Publications

Export 4 results:
Sort by: [ Author  (Desc)] Title Type Year
A B C D E F G H I J K L M N O P Q R S [T] U V W X Y Z   [Show ALL]
Z
Zapata-Hernandez, G, Sellanes J, Thurber AR, Levin LA.  2014.  Trophic structure of the bathyal benthos at an area with evidence of methane seep activity off southern Chile (similar to 45 degrees S). Journal of the Marine Biological Association of the United Kingdom. 94:659-669.   10.1017/s0025315413001914   AbstractWebsite

Through application of carbon (C) and nitrogen (N) stable isotope analyses, we investigated the benthic trophic structure of the upper-slope off southern Chile (similar to 45 degrees S) including a recent methane seep area discovered as part of this study. The observed fauna comprised 53 invertebrates and seven fish taxa, including remains of chemosymbiotic fauna (e.g. chemosymbiotic bivalves and siboglinid polychaetes), which are typical of methane seep environments. While in close-proximity to a seep, the heterotrophic fauna had a nutrition derived predominantly from photosynthetic sources (delta C-13 > -21 parts per thousand). The absence of chemosynthesis-based nutrition in the consumers was likely a result of using an Agassiz trawl to sample the benthos, a method that is likely to collect a mix of fauna including individuals from adjacent non-seep bathyal environments. While four trophic levels were estimated for invertebrates, the fish assemblage was positioned within the third trophic level of the food web. Differences in corrected standard ellipse area (SEA(C)), which is a proxy of the isotopic niche width, yielded differences for the demersal fish Notophycis marginata (SEA(C) = 5.1 parts per thousand) and Coelorinchus fasciatus (SEA(C) = 1.1 parts per thousand), suggesting distinct trophic behaviours. No ontogenic changes were detected in C. fasciatus regarding food sources and trophic position. The present study contributes the first basic trophic data for the bathyal area off southern Chile, including the identification of a new methane seep area, among the furthest south ever discovered. Such information provides the basis for the proper sustainable management of the benthic environments present along the vast Chilean continental margin.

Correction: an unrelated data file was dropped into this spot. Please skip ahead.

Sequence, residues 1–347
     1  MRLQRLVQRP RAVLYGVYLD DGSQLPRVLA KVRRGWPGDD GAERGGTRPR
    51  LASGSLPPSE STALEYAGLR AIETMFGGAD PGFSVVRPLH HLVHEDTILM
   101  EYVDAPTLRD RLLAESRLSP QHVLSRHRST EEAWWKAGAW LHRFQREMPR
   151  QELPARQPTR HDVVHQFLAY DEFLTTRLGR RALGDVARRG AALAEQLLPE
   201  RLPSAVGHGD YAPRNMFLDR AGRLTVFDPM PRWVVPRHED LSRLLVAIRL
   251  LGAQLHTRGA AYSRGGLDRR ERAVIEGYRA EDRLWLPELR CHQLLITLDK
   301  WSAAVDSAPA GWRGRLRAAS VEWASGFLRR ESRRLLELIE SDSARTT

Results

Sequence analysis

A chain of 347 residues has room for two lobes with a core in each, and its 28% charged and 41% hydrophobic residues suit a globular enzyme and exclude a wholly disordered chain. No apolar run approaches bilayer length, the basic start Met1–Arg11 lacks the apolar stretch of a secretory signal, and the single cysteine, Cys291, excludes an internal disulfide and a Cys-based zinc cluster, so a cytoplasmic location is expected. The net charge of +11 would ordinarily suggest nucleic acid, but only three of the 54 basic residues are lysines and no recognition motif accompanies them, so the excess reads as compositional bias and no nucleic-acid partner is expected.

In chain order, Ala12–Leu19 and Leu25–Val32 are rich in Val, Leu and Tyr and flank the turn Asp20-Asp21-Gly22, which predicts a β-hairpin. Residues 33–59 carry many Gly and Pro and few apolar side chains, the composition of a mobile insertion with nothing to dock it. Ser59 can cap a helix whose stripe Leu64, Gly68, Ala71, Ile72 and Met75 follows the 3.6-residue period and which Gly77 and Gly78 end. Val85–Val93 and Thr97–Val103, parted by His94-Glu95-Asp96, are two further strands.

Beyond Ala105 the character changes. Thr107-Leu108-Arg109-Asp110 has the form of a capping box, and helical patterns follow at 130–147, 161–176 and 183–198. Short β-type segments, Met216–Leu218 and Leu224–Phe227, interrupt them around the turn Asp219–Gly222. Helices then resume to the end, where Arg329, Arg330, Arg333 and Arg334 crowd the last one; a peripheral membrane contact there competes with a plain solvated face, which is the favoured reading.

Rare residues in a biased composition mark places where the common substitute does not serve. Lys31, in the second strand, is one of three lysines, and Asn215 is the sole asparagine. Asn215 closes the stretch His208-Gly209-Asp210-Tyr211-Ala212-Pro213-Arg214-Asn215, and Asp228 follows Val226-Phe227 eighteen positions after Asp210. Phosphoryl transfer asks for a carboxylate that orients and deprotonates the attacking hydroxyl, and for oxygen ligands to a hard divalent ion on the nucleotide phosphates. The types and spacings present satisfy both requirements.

M
Maloney, JM, Grupe BM, Pasulka AL, Dawson KS, Case DH, Frieder CA, Levin LA, Driscoll NW.  2015.  Transpressional segment boundaries in strike-slip fault systems offshore southern California: Implications for fluid expulsion and cold seep habitats. Geophysical Research Letters. 42:4080-4088.   10.1002/2015gl063778   AbstractWebsite

The importance of tectonics and fluid flow in controlling cold seep habitats has long been appreciated at convergent margins but remains poorly understood in strike-slip systems. Here we present geophysical, geochemical, and biological data from an active methane seep offshore from Del Mar, California, in the inner California borderlands (ICB). The location of this seep appears controlled by localized transpression associated with a step in the San Diego Trough fault zone and provides an opportunity to examine the interplay between fluid expulsion and restraining step overs along strike-slip fault systems. These segment boundaries may have important controls on seep locations in the ICB and other margins characterized by strike-slip faulting (e.g., Greece, Sea of Marmara, and Caribbean). The strike-slip fault systems offshore southern California appear to have a limited distribution of seep sites compared to a wider distribution at convergent plate boundaries, which may influence seep habitat diversity and connectivity.

L
Levin, LA, Nittrouer CA.  1987.  Textural characteristics of sediments on deep seamounts in the eastern Pacific Ocean between 10°N and 30°N. Seamounts, islands, and atolls. ( Keating BH, Fryer P, Batiza R, Boehlert GW, Eds.).:187-203., Washington, D.C.: American Geophysical Union Abstract
n/a
G
Grant, SB, Saphores JD, Feldman DL, Hamilton AJ, Fletcher TD, Cook PLM, Stewardson M, Sanders BF, Levin LA, Ambrose RF, Deletic A, Brown R, Jiang SC, Rosso D, Cooper WJ, Marusic I.  2012.  Taking the "Waste" Out of "Wastewater" for Human Water Security and Ecosystem Sustainability. Science. 337:681-686.   10.1126/science.1216852   AbstractWebsite

Humans create vast quantities of wastewater through inefficiencies and poor management of water systems. The wasting of water poses sustainability challenges, depletes energy reserves, and undermines human water security and ecosystem health. Here we review emerging approaches for reusing wastewater and minimizing its generation. These complementary options make the most of scarce freshwater resources, serve the varying water needs of both developed and developing countries, and confer a variety of environmental benefits. Their widespread adoption will require changing how freshwater is sourced, used, managed, and priced.